Meri Marzi aims to ensure sensitised, non-discriminatory health workers for the needs of female sex workers in the Suraksha Clinics under the UPSACS (Uttar Pradesh State AIDS Control Society) program by creating more dialogues and garnering public support for the cause of sex workers’ menstrual rights. The campaign will also ensure interventions with sex workers to clear misconceptions around overall hygiene management to ensure that results flow both ways.

Read more about her campaign.

MH Fellow Sabna comes with significant experience working with a range of development issues. A co-founder of Project Sakhi Saheli, which aims to combat period poverty and break menstrual taboos, Sabna has, in the past, worked on the issue of menstruation in urban slums of Delhi with women and adolescent girls. She and her team also released MenstraBook, with menstrastories and organised Menstra Tlk in the Delhi School of Social Work to create more conversations on menstruation.

With YKA MHM Fellow Vineet, Sabna launched Menstratalk, a campaign that aims to put an end to period poverty and smash menstrual taboos in society. As a start, the campaign aims to begin conversations on menstrual health with five hundred adolescents and youth in Delhi through offline platforms, and through this community mobilise support to create Period Friendly Institutions out of educational institutes in the city.

Read more about her campaign. 

A student from Delhi School of Social work, Vineet is a part of Project Sakhi Saheli, an initiative by the students of Delhi school of Social Work to create awareness on Menstrual Health and combat Period Poverty. Along with MHM Action Fellow Sabna, Vineet launched Menstratalk, a campaign that aims to put an end to period poverty and smash menstrual taboos in society.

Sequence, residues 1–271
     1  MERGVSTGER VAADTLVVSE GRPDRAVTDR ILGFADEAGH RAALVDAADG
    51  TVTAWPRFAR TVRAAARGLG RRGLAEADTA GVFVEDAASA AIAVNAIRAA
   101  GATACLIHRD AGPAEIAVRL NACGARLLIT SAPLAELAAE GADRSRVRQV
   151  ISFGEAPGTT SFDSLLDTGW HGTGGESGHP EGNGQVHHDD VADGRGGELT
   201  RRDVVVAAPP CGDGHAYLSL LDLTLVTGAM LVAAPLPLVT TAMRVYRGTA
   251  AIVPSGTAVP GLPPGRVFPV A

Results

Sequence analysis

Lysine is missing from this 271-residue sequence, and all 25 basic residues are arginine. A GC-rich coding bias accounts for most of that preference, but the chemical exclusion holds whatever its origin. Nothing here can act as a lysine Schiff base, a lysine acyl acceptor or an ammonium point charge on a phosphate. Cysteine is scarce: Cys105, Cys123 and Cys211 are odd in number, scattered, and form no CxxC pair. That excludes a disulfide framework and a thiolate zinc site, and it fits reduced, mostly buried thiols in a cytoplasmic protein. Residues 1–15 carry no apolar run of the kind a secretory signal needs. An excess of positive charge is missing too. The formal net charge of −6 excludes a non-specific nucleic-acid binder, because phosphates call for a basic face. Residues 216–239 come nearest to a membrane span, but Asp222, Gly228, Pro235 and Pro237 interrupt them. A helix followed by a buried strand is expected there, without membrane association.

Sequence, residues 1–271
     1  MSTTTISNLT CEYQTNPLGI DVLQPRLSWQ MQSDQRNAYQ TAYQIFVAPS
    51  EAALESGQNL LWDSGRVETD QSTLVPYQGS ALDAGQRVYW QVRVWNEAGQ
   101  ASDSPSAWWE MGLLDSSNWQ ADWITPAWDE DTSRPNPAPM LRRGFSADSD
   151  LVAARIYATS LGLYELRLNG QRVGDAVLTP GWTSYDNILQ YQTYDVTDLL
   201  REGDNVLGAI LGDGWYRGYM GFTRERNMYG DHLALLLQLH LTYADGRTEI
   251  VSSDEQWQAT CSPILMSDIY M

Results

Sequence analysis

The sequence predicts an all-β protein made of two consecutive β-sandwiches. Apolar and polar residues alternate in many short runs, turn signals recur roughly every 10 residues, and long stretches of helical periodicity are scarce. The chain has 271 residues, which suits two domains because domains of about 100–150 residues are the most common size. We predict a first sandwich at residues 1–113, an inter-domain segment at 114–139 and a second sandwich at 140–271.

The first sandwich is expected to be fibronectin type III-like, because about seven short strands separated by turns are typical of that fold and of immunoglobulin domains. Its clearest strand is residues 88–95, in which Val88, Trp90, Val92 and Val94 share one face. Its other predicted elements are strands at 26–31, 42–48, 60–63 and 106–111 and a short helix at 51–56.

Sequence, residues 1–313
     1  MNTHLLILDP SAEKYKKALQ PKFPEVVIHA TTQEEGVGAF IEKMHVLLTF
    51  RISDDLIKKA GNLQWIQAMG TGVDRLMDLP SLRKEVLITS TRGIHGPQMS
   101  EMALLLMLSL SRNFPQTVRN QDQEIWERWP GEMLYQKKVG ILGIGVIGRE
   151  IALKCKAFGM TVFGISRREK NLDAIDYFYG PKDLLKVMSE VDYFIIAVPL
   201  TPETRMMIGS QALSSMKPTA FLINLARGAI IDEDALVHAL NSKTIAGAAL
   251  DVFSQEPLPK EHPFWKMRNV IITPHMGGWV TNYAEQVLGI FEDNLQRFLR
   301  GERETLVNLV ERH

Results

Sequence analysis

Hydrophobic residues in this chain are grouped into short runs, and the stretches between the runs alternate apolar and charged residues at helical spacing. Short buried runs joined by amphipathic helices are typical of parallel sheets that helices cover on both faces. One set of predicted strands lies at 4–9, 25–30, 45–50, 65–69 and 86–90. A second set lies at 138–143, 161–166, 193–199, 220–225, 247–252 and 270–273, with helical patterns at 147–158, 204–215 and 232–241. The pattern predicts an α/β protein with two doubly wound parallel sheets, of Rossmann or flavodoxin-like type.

As a start, the campaign aims to begin conversations on menstrual health with five hundred adolescents and youth in Delhi through offline platforms, and through this community mobilise support to create Period Friendly Institutions out of educational institutes in the city.

Find out more about the campaign here.

A native of Bhagalpur district – Bihar, Shalini Jha believes in equal rights for all genders and wants to work for a gender-equal and just society. In the past she’s had a year-long association as a community leader with Haiyya: Organise for Action’s Health Over Stigma campaign. She’s pursuing a Master’s in Literature with Ambedkar University, Delhi and as an MHM Fellow with YKA, recently launched ‘Project अल्हड़ (Alharh)’.

She says, “Bihar is ranked the lowest in India’s SDG Index 2019 for India. Hygienic and comfortable menstruation is a basic human right and sustainable development cannot be ensured if menstruators are deprived of their basic rights.” Project अल्हड़ (Alharh) aims to create a robust sensitised community in Bhagalpur to collectively spread awareness, break the taboo, debunk myths and initiate fearless conversations around menstruation. The campaign aims to reach at least 6000 adolescent girls from government and private schools in Baghalpur district in 2020.

Read more about the campaign here.

A psychologist and co-founder of a mental health NGO called Customize Cognition, Ritika forayed into the space of menstrual health and hygiene, sexual and reproductive healthcare and rights and gender equality as an MHM Fellow with YKA. She says, “The experience of working on MHM/SRHR and gender equality has been an enriching and eye-opening experience. I have learned what’s beneath the surface of the issue, be it awareness, lack of resources or disregard for trans men, who also menstruate.”